LETTERS News Weekly
, September 14, 2013
Creating a fatherless generation
The media have recently reported how Australian tennis ace Casey Dellacqua and her partner Amanda Judd have celebrated the birth of a baby boy. It is right to celebrate the birth of a child. Yet it is with sadness that I see that this baby has seemingly been deprived of his father.
Every child deserves to have a father. Our society must focus on the family unit and support it, as it provides stability and nurture to children who deserve to be born into normal unions of marriage as God intended right from the beginning (Gen. 1:27, 28; 2:21–24).
If we continue to dismantle the traditional family unit as old-fashioned, archaic and no longer even necessary or relevant, we will create a fatherless generation.
Indeed, the lines are becoming increasingly blurred as the march towards partnerships, even gay marriage, is fuelled by minority voices rising in opposition to these long-held, cherished and respected Christian beliefs which many cultures also believe.
For the person who has been born with no exposure, or even acknowledgement, of their natural father, there will always remain questions as to their identity and background. It is noteworthy that television programs about people searching for their true identity rate particularly highly among the viewing public.
Personally, I have nothing against Casey Dellacqua or her “partner”.
I simply want to champion the rights of the family over the rights of the individual to engineer social norms and produce children into their relationships.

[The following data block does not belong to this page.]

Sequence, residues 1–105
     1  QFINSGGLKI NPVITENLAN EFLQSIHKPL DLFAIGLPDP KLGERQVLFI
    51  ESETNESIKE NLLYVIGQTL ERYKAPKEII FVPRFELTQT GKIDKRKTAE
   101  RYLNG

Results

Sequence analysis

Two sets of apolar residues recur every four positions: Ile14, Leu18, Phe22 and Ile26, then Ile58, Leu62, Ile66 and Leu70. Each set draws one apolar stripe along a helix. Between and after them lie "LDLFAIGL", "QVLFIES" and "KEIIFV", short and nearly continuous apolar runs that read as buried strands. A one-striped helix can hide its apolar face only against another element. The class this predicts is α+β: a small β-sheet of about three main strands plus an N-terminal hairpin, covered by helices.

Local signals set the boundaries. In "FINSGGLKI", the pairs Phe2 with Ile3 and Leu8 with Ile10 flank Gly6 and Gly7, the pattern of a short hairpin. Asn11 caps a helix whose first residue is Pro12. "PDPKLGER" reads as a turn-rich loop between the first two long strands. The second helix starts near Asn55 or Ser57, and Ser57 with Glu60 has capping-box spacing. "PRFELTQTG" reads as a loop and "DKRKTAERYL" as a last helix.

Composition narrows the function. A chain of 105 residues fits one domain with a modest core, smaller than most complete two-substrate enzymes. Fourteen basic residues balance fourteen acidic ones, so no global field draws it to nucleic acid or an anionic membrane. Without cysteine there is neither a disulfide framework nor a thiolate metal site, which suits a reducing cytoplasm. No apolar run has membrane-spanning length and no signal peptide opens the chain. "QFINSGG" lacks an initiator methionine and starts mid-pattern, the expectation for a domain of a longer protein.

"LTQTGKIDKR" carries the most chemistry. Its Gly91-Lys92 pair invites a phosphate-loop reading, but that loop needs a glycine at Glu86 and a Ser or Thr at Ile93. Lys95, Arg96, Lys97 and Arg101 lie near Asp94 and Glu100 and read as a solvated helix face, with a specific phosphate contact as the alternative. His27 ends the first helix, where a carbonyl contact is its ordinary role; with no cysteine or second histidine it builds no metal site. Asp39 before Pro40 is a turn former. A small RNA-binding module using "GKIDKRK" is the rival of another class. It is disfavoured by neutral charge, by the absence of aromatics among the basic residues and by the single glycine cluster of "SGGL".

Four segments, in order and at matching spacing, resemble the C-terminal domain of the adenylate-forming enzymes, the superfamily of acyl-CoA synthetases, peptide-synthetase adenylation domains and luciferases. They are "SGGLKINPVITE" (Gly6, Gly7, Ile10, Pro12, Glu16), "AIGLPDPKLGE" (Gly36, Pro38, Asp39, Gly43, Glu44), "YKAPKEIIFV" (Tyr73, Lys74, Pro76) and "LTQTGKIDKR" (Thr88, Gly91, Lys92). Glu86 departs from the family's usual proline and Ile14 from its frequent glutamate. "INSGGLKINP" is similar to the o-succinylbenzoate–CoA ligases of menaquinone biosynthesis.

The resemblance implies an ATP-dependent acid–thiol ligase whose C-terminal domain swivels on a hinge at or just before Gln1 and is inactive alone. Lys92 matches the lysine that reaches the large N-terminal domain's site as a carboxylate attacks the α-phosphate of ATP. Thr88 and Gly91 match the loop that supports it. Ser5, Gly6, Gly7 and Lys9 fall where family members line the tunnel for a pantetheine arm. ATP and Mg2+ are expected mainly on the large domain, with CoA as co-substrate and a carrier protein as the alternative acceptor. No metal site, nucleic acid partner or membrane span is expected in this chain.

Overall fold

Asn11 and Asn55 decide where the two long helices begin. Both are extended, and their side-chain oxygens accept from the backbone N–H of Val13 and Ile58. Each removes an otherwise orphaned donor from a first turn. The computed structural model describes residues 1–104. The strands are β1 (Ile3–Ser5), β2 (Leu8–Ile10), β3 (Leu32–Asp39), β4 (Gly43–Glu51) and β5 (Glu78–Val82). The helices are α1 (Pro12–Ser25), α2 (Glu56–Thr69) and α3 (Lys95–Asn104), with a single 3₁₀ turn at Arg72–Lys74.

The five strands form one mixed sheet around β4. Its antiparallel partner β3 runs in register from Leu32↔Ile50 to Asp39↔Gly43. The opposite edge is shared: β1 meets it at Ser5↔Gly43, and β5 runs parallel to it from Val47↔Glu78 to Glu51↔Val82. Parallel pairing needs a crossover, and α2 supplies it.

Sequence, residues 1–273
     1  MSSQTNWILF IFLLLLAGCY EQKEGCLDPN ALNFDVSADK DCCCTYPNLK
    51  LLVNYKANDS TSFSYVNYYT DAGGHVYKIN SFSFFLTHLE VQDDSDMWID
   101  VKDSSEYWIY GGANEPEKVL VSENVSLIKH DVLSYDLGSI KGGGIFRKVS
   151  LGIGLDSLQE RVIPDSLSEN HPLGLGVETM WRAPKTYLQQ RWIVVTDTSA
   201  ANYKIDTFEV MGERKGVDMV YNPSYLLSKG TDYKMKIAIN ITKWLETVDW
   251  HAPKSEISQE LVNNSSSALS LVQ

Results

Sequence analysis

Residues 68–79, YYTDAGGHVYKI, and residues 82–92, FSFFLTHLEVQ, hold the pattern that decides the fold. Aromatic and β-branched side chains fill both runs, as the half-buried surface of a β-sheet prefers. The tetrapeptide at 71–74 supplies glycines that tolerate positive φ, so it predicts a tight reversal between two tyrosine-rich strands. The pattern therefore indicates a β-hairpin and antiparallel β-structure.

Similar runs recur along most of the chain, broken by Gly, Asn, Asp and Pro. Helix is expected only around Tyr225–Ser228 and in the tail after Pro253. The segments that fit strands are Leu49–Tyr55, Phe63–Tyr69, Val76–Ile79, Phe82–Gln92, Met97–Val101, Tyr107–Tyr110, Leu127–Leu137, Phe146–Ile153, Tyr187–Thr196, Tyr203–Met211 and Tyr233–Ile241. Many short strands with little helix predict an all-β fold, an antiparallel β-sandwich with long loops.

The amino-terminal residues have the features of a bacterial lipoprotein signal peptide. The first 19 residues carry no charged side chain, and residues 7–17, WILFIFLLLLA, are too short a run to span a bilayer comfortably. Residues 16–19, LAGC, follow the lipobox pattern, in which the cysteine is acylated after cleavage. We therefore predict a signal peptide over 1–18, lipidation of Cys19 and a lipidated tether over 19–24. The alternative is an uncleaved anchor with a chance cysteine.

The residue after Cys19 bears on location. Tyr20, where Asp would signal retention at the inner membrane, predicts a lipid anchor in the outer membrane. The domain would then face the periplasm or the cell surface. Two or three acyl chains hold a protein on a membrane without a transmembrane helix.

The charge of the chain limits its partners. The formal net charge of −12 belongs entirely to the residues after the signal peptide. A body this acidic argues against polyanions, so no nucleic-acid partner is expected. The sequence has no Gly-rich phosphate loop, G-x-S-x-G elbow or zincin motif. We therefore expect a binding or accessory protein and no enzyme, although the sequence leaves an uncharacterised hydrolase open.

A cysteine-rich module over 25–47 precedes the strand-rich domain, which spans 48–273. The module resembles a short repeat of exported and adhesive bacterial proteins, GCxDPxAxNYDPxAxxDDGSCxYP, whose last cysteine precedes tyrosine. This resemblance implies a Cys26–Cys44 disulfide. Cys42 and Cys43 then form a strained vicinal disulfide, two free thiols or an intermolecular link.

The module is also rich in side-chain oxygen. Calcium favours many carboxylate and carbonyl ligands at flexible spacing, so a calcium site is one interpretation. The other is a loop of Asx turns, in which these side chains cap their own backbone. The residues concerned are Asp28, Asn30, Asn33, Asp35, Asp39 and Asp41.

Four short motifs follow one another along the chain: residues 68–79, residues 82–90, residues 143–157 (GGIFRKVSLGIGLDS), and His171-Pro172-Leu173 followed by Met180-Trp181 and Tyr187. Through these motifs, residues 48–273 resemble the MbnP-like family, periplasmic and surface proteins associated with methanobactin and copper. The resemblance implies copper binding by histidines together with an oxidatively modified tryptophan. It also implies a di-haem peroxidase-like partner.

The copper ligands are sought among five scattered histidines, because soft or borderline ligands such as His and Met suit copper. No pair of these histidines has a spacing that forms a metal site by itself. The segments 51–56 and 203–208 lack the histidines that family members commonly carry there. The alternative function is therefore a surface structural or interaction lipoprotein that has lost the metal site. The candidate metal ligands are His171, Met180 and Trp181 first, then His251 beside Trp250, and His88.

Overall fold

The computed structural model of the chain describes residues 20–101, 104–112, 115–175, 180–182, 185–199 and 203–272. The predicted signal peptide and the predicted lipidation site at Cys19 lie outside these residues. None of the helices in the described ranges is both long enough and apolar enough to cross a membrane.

Love is essential, of course; but love from a mum and a dad is balanced and healthy.
As a patron of the Australian Family Association, I really want to see a society where traditional family values are still celebrated and every child has the best possible start in life.
Rev. Dr Margaret Court, AO, MBE,
Victory Life Centre,
Osborne Park, WA
The Greens’ camouflage
A striking aspect in any assembly of members of the gay community is the absence of children. It has been suggested that gays want their same-sex union to be called marriage, because they crave what marriage offers, but which no same-sex union can give them.
Marriage is essentially about children and the parents who have given them life. That’s a family. The Greens Party’s social policy of promoting same-sex “marriage” is intended to eliminate the true meaning of marriage.
But it is the family that drives the economy. Families buy houses, cars, clothing and food, and create the need for services such as education, health, energy and transport.
Every euthanasia bill introduced throughout the parliaments of Australia (state and federal) has always been a Greens bill. And if the Greens/Labor abortion bill recently introduced in the Tasmanian parliament is any indication, the Greens want to muzzle any opposition to their proposals, despite our federal Constitution’s guarantee of freedom of speech, peaceful assembly and religious expression.
It was only because of Greens senators’ support for the June 25 amendment to the anti-discrimination bill that it became law, thus removing all exemptions from aged care facilities regarding sexual orientation, gender identity and intersex status, even of the frail in aged care.
Behind the camouflage of environmental issues, the Greens seek to conceal from an unsuspecting electorate their intention to take Australia down a road of moral and ethical demise. The retention of values on the fundamentals of marriage, family and human life is a very good reason to say, “That’s why not”, to voting Greens.
Peter J. Young,